Thousands of people rallied in New York City over the weekend in a demonstration of solidarity with American Muslims.
The ‘I am Muslim too’ demonstration took place in Times Square to protest President Donald Trump’s anti-Islam rhetoric.
Protesters waved American flags, while some women wore hijabs patterned with the Stars and Stripes.
Others held signs saying ‘No Muslim Ban’ – a reference to Mr Trump’s ban on travellers from seven Muslim majority countries. The executive order has now been blocked by the courts.
Hip-hop mogul Russell Simmons, a former friend of Mr Trump’s, helped organise the event.
He said of the President: "We won't speak too harshly of him today. We want to thank him for bringing us together."
Referring to the US government, Mr Simmons added: "We're using the Muslim community as a scapegoat. We are being mean to the people who are the victims of terrorism."
He said he wanted to show Middle America, Mr Trump’s key support base, “that they have been misled”.
Democratic Mayor Bill de Blasio also spoke at the rally, saying "we have to dispel the stereotypes" and that America is "a country founded to protect all faiths and all beliefs".
Other high profile attendees included Chelsea Clinton, filmmaker Michael Moore, actress Susan Sarandon and Linda Sarsour, executive director of the Arab American Association of New York.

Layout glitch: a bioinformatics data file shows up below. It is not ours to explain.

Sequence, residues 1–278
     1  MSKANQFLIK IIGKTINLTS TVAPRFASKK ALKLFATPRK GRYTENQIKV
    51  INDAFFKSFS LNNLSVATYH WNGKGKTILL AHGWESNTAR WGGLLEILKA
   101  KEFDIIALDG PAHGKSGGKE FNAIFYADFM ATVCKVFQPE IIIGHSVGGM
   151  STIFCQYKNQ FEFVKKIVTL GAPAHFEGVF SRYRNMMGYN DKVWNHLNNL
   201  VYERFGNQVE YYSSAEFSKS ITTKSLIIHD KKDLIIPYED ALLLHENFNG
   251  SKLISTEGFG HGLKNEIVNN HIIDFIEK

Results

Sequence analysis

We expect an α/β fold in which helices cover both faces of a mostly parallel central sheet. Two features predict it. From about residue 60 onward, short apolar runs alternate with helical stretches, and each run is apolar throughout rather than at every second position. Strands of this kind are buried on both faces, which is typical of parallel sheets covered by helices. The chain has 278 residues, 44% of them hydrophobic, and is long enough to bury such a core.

"I ask you ... that you commit to being part of the true, never-again generation," Ms Sarsour said. "Not on our watch, not on my watch, not on your watch."
Representatives of other faiths also attended. Rabbi Schneier, founder of the Foundation for Ethnic Understanding, said: "We must join together at the most famous crossroads in the world to make a collective statement that, whenever my Muslim brothers and sisters are demonised and vilified, discriminated against or victimised by hate crimes and violence, 'Today, I am a Muslim too.'"
Mr Trump’s controversial travel ban – affecting citizens of Sudan, Iraq, Yemen, Iran, Libya, Somalia and Syria – was implemented chaotically and later put on hold by a federal judge.
However, the President has promised to sign new legislation which he says will replace the blocked order.
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